Fall 2012 and Winter 2013 quarters
- Lisa Sweet printmaking, ceramics, drawing , Miranda Mellis fiction, nonfiction, and contemporary literature , Elizabeth Williamson English literature, theater studies
- Fields of Study
- aesthetics, art history and visual arts
- Preparatory for studies or careers in
- visual arts, art history, philosophy and aesthetics.
Iconoclasm is about more than just destroying or defacing an existing image--it also creates its own symbolic content. This program addresses iconoclasm as both a contemporary and a historical phenomenon, asking questions such as: What perceptions and convictions inspire people to attack, deface or destroy images? What is achieved by burning a Quran or toppling a statue of a government leader?
This program is designed for students with interest in aesthetic philosophy and printmaking. Over the course of 20 weeks, we will explore several case studies of the destruction of images--from religious objects to 'canonized' works of art in museums, from iconoclasm borne of religious conviction, to more familiar forms associated with political dissent. We will also cover image-breaking as an artistic strategy. Our collective project will be to gain clarity on the impulses, expressions and consequences of iconoclasms.
Fall quarter will provide students with a framework for understanding the history and thinking embedded in instances of iconoclasm. Students will be introduced to texts and concepts through lecture and seminar, and will begin to process ideas addressing image destruction more intentionally through writing and revising critical essays. In order to heighten an understanding of concepts as well as developing new skills and habits of thought, students will learn basic intaglio printmaking techniques, providing a hands-on context in which to understand both the power of images and some consequences of iconoclasm. They will also practice storytelling with attention to the social and historical stakes of the fraught categories of truth and fiction, ethics and aesthetics. Exploratory, craft-oriented writing exercises will be assigned on a regular basis (with accompanying readings) in order to provide participants with a sense of the possibilities of form and content. Winter quarter will represent a deeper examination of events in which iconoclastic impulses go by other names: censorship, sacrilege, art history or art-making. During this second half of the program, students will also develop culminating projects synthesizing and advancing program concepts.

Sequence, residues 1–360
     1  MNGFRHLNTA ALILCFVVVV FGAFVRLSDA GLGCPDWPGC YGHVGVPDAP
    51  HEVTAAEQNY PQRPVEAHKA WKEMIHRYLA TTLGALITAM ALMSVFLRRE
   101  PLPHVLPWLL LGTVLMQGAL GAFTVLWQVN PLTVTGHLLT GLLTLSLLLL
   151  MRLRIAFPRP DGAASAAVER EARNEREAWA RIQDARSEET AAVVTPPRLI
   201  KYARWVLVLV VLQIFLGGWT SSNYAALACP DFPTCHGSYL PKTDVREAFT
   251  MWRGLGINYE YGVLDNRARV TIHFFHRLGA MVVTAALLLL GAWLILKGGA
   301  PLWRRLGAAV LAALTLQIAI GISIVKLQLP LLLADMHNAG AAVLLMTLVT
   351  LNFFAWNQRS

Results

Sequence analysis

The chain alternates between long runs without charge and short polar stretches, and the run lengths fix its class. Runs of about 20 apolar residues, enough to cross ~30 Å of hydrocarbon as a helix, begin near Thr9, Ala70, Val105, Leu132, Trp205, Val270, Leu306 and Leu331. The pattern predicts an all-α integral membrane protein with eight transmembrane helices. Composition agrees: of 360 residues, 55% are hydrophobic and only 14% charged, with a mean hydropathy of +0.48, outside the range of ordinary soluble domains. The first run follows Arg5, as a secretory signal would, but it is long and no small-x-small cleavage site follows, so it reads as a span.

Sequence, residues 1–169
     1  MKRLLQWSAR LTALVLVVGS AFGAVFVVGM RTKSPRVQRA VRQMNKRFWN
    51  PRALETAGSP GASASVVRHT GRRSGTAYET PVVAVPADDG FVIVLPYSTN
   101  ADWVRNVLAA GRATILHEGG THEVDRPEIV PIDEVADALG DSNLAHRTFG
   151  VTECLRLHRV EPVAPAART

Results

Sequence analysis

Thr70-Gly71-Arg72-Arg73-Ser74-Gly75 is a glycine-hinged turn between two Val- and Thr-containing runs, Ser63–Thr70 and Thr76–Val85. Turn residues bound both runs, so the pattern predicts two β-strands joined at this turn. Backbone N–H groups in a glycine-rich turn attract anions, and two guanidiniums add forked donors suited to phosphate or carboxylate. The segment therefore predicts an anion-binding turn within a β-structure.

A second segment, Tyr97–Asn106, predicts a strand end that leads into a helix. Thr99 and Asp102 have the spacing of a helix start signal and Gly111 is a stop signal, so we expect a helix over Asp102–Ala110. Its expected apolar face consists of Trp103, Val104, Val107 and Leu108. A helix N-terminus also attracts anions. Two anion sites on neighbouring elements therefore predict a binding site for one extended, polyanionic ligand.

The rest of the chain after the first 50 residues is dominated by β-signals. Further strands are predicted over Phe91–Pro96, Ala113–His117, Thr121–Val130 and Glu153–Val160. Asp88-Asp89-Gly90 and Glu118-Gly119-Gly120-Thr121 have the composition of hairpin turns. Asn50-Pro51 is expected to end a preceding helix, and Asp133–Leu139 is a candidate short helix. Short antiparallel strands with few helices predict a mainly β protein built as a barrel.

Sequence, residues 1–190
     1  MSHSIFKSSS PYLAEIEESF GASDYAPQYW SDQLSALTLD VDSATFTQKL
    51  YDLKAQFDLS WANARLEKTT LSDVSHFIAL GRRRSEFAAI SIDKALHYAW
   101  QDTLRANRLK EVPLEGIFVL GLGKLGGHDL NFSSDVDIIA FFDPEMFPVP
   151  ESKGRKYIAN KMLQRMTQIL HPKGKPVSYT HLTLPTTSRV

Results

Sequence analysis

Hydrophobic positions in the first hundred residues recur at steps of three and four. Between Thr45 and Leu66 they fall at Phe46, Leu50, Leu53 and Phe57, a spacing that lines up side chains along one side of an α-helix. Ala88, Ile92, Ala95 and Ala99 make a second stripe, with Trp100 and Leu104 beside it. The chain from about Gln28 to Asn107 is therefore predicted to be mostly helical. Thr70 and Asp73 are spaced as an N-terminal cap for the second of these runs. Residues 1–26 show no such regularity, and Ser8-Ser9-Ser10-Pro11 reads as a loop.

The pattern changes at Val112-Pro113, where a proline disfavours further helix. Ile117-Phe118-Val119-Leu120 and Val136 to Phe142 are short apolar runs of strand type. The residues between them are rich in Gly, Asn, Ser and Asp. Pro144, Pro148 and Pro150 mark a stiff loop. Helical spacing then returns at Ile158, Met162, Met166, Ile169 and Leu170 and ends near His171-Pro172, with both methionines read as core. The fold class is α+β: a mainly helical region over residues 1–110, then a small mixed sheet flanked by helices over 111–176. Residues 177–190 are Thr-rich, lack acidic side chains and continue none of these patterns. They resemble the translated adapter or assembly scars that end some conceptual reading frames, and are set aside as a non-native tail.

Though we will be looking at works of art in a historical context, this is not a traditional art history class, nor does it offer a chronological survey of Western art. About 40% of students' time will be devoted to artistic practice and 60% to rigorous reading, writing and discussion. Students should be prepared to articulate the content of their artistic work, and to use creative modes of thinking to actively engage the theoretical materials presented in the program.
- Campus Location
- Online Learning
- Enhanced Online Learning
- Greener Store
- Special Expenses
- $100.00 per quarter for printmaking materials.
- Offered During
|November 5th, 2012||Fall and Winter quarter fees removed.|
|August 6th, 2012||Miranda Mellis, a new faculty member who brings expertise in creative writing, especially fiction has been added to the program.|